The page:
I’m coming to feel that the question has a point, if not exactly as the asker may have thought of it.
    What we think of as “religion” is really one visible piece of a whole cultural ecology which includes the morals, values, traditions, etc., that provide order to human interactions in a society so that they can actually live together. Religious myths and theologies play a vital role: to provide a narrative which allows humans to see these morals, etc., as a coherent whole and so pass them on to their children.
    It doesn’t have to be religion. Communist states were able to go for a long time using the ideal of working for the common good as an organizing principle (and fell apart when too many people in high places violated that principle too blatantly.) The USA has used freedom, the constitution, and the melting pot as its organizing myths.
    What I see happening in atheist/skeptic circles is that there’s a general agreement to throw out religion, but no organizing mythos to replace it, and no general agreement on any other way to put together such an ecology of morals, etc., or even any agreement that morals, values, etc., are a good thing.
    The phrase “things fall apart; the center cannot hold” comes to mind.

  12. Religious myths and theologies play a vital role: to provide a narrative which allows humans to see these morals, etc., as a coherent whole and so pass them on to their children.
    So we need new parables, perhaps?

    • Great comment from ogvorbis over at Pharyngula:

      […]
      It comes down, for everyone, of a question. A very simple question. As Pete Seeger wrote, “Which side are you on?” He was speaking to the American labour movement, but the same question comes up, again and again, for every attempt to move human rights forward, to progress.
      Atheism, as an idea, is ancient. Atheism, as a movement, is very recent. As a recent movement, we are still figuring out who we are. Some questions have been answered: Should we hide our atheism? Should we be ashamed of our atheism? Should we let the religious define who or what we are? Those questions have been answered with resounding “NO!”s. Other questions remain.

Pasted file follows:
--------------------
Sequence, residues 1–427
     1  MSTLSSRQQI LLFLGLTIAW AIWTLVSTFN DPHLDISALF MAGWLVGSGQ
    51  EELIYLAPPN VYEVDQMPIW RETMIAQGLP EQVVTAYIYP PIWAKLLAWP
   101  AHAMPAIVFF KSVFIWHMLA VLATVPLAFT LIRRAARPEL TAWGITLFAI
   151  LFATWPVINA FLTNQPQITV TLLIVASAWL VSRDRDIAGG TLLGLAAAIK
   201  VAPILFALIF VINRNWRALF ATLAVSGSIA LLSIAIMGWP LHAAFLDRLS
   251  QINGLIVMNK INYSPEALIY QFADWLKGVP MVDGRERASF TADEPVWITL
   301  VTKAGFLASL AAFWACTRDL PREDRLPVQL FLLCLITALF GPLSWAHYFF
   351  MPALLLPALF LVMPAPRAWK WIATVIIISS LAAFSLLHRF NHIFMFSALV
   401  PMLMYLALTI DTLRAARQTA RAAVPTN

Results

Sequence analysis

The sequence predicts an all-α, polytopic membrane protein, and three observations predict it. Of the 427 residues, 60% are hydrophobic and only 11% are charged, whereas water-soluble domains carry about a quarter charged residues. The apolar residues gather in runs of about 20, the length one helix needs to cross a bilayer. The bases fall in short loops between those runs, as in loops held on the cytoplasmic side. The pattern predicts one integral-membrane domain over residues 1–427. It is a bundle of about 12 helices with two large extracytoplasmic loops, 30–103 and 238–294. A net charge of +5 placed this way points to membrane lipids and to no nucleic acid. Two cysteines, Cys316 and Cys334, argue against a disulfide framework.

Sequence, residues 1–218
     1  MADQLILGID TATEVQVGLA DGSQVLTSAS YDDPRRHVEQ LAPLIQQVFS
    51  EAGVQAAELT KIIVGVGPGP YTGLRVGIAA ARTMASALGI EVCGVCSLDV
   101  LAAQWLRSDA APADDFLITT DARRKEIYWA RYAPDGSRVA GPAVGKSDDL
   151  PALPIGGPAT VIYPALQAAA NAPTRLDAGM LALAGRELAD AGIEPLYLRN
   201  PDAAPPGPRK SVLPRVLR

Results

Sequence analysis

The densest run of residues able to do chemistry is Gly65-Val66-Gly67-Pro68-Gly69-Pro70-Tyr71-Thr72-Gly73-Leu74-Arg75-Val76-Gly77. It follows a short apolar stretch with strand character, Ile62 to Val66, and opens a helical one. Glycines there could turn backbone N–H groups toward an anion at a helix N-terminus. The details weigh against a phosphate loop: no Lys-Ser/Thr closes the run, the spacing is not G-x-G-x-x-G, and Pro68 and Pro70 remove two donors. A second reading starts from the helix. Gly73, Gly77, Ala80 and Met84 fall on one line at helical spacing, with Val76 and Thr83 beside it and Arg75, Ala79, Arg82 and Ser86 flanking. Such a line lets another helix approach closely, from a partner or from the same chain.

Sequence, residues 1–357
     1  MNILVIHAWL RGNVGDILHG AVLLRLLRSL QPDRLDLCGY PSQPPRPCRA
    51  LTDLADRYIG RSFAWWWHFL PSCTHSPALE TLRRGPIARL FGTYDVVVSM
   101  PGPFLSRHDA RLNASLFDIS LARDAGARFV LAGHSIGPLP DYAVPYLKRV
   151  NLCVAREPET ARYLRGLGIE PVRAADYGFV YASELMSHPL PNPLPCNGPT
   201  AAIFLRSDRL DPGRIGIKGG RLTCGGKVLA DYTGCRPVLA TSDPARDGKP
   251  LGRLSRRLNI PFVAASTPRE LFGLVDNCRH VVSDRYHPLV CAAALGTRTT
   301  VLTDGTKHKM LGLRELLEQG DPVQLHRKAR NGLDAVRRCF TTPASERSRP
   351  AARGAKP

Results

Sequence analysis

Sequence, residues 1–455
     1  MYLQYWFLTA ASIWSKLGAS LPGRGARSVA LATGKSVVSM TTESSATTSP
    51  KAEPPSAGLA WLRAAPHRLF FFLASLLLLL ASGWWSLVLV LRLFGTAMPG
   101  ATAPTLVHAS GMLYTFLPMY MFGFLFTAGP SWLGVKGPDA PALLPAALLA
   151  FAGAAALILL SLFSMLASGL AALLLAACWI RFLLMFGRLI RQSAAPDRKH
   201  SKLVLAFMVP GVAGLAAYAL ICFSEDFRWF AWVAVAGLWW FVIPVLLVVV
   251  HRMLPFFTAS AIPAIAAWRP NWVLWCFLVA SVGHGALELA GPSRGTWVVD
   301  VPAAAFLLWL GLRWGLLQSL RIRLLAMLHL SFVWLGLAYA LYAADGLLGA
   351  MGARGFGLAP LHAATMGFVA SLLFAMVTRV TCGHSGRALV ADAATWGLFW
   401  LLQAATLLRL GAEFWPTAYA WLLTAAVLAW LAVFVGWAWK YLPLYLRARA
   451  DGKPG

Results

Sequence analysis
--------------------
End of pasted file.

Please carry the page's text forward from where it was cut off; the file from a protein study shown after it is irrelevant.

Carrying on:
Almost all who self-identify as atheists realize that religion is dangerous. When people who view the apocalypse as not only innevitable, but as good, have their fingers on the button that could unleash a global nuclear apocalypse, we recognize the danger. When theists declare that global warming and pollution are not a problem because Jesus will be coming back soon and fix everything, we recognize the danger.
      One of the biggest unrecognized dangers for the nascent atheist movement is our own unexamined privilege and sexism. The first generation of the atheist movement has been dominated by white, upper- or middle-class men with college degrees and a shitload of spare time on their hands. In the past decade, as atheists have become more aware of the concept of privilege, the generic old white man leader has become young, old, male, female, cis, non-cis, gay, lesbian, black, and every other way that we separate out who is who in the world. We now see ourselves as a stew (melting pot doesn’t work — in a melting pot, all of the ingredients merge into a homogeneous mass) and, for almost all of us, this is a good thing.
      For the past year, the biggest debate among atheists has been whether or not sexism is a problem within atheism and, more important, do we want to recognize the problem and what do we do when we do recognize sexism as a problem? The past year has shown, beyond a shadow of a doubt, that sexism not only exists within the atheist community and movement, but that sexism is a problem. A problem that most see needs to be solved now before it becomes an intrenched part of the atheist movement.
      So, right now, whether or not one sees oneself as part of a movement, as part of a community, we need to ask ourselves, “Which side am I on?”
      One side (small but vocal), sees no evidence of sexism or misogyny within the atheist community and wants to keep the status quo. The other side (larger but often quieter) sees that sexism exists. Which side are you on?